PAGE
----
Marlo Thomas says she wears her late father’s ring to help her overcome tough times
Marlo Thomas couldn’t have been that girl without some inspiration from her dad.
The 81-year-old actress, best known for the ‘60s sitcom “That Girl,” as well as her award-winning children’s franchise “Free to Be… You and Me,” recently told Closer Weekly that her father is always on her mind.
Actor and comedian Danny Thomas, remembered for his role in “Make Room for Daddy,” passed away in 1991 at age 79 after a heart attack at his Beverly Hills home.
“I wear my father’s ring all the time,” Thomas told the magazine. “When times get tough, I touch it and think, ‘Come on dad, let’s do this together.’”
Since Danny’s death, Thomas has been determined to keep his legacy alive. She tirelessly continues to promote the St. Jude Children’s Research Hospital, which Danny founded in 1962 to find cures and provide free treatment to children with cancer.
According to St. Jude’s, a young Danny sought guidance from St. Jude Thaddeus, the patron saint of hopeless causes, to help him find the right path he should take in life. After his success in Hollywood, the entertainer yearned to give back to those in need.
When St. Jude Children’s Research Hospital officially opened its doors on Feb. 4, 1962, in Memphis, Tenn., before a crowd of 9,000 people, Danny unveiled a statue of St. Jude Thaddeus.
“It took a rabble-rousing, hook-nosed comedian to get your attention, but it took your hearts and your loving minds and your generous souls to make this fabulous dream come true,” said Danny at the opening. “If I were to die this minute, I would know why I was born.”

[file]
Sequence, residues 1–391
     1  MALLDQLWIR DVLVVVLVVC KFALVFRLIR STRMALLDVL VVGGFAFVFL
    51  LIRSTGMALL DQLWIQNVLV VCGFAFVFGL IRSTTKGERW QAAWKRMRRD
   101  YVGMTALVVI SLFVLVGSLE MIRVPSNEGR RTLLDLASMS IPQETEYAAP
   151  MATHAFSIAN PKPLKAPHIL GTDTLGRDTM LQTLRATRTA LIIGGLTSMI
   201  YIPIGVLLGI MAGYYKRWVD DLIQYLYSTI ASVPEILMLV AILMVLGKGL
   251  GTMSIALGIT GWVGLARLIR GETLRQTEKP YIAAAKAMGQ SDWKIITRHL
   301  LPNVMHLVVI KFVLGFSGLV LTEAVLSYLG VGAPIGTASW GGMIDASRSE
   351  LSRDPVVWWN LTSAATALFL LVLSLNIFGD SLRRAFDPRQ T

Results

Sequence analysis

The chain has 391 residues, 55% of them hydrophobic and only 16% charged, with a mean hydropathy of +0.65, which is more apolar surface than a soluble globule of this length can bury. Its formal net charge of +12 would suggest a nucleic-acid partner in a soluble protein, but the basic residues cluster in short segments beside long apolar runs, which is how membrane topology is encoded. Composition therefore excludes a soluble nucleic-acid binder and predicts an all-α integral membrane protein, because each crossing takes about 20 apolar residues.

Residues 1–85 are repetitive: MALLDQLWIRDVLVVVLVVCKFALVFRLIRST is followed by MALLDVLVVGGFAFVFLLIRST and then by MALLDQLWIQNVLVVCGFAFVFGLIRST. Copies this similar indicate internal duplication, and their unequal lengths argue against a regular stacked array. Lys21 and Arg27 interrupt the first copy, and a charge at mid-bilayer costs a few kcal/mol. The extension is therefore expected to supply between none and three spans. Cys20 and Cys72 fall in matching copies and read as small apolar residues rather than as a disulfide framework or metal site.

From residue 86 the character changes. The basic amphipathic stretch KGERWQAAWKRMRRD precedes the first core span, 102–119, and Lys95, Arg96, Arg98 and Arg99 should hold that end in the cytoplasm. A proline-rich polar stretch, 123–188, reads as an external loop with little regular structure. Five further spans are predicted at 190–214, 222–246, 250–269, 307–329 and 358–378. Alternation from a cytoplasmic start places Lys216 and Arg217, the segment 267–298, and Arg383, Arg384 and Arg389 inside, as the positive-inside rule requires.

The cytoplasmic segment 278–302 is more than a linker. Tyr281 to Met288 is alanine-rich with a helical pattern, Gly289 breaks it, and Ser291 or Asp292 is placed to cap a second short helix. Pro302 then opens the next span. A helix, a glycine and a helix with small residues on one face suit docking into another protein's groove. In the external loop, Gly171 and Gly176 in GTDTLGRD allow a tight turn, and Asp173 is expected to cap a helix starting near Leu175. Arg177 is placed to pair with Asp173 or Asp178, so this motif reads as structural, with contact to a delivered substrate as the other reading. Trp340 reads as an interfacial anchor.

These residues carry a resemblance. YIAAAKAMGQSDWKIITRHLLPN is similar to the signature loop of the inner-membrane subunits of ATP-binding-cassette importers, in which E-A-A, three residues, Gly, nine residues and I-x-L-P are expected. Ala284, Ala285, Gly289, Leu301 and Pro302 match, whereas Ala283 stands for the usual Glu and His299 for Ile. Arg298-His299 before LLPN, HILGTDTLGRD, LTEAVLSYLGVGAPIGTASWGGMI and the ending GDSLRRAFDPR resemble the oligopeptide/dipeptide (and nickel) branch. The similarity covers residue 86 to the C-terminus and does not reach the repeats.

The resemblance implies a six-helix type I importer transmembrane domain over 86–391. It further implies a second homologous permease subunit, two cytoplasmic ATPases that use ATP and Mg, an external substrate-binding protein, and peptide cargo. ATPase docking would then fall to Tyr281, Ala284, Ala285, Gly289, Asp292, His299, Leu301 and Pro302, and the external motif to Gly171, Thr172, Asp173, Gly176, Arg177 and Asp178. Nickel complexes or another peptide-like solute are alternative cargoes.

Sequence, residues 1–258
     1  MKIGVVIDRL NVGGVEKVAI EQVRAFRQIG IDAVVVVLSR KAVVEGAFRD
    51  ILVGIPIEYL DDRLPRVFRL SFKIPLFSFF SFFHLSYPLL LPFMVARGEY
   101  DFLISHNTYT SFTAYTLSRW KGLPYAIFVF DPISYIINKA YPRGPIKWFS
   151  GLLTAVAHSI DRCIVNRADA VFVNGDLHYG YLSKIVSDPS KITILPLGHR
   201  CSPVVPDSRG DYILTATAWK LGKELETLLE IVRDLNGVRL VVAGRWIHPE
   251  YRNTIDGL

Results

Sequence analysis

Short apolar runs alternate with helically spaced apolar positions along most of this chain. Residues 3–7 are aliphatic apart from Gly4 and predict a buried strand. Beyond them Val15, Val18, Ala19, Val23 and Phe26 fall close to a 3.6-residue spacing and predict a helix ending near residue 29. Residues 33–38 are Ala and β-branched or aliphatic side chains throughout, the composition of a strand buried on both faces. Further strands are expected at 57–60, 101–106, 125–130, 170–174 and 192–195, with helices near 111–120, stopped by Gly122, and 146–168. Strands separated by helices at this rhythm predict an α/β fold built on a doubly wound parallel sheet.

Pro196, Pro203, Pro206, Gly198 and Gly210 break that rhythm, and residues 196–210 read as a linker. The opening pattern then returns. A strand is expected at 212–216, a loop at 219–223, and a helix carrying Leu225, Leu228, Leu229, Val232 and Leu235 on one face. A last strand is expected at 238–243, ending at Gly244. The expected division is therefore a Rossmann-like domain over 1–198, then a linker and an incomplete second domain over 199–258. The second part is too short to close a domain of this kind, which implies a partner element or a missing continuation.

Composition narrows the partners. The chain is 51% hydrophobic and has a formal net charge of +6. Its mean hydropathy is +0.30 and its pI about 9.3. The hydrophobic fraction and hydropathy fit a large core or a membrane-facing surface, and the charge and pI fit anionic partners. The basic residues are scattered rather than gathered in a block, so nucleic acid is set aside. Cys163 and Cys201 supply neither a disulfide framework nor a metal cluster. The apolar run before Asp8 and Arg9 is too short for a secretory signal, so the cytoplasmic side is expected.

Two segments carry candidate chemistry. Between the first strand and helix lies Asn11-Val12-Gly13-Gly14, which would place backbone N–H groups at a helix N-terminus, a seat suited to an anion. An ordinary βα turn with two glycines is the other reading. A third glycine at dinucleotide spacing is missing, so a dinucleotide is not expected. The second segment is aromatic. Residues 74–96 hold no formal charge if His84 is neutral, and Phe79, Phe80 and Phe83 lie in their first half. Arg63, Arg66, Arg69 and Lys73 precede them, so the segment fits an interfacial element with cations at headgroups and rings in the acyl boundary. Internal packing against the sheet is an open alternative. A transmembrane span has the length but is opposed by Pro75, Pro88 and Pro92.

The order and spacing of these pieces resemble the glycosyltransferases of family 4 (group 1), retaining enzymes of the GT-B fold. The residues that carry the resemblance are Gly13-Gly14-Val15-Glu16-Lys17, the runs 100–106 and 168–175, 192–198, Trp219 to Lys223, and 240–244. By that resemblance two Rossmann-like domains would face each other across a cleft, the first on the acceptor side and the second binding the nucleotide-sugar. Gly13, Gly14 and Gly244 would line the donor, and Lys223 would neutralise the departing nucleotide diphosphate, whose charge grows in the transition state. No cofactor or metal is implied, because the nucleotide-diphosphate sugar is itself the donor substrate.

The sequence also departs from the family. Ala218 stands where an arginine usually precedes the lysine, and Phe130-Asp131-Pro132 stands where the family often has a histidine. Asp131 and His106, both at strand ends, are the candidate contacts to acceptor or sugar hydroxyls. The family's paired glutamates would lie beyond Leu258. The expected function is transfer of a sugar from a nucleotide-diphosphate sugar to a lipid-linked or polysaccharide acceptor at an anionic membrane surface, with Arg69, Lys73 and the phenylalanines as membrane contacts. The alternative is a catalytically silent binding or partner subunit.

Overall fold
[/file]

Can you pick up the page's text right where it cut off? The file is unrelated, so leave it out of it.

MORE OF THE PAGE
Thomas told the magazine she didn’t think twice to continue Danny’s work with St. Jude.
“I feel my father's presence a lot when I go to St. Jude,” she said.
Back in 2016, Thomas told the Television Academy that she wouldn’t have had success as a star if she didn’t learn from the best.
“Even as a small child, I deeply admired [my father’s] work ethic and his love of that work,” she explained. “Those two aspects, together, are so important for any young person to observe.”
Thomas recalled that her father would carefully listen to tape recordings of his live nightclub acts at his desk to better hone his comedic timing, musical selections and audience interaction in order to create the best performance for his fans.
Danny also had a no-nonsense approach to detail when filming “Make Room for Daddy,” later titled “The Danny Thomas Show,” which aired from 1953 to 1965.
“As a young kid, I sat in on so many of his writers’ meetings at home,” said Thomas. “And saw firsthand how they looked for the truth in every story. I learned so much from that.”
When it came to creating comedy for television, Danny told his daughter, “Every story has to have a beginning, middle and end. You need to tell a logical, credible story — and you need to do it in 22 minutes.”
“Remember, the audience will follow you down any yellow brick road as long as you never lie to them,” he added. “Once you go off that road, you’ve lost them. Always be honest, and never go for a joke or an easy laugh if it takes you off the road of your story.”
Thomas shared that one of her favorite memories of her father was observing his nightclub performances.
“He was so genuinely happy when he was on stage,” she said. “His eyes would be on fire, light up, even dance. It was a tremendous thing to witness, and it impacted my work as an actor and producer.
“It taught me that if you do something organically ─ straight from what you believe in ─ it will succeed because it’s not coming from an external place, but rather an internal choice. Everything that I do stems from that same organic place.”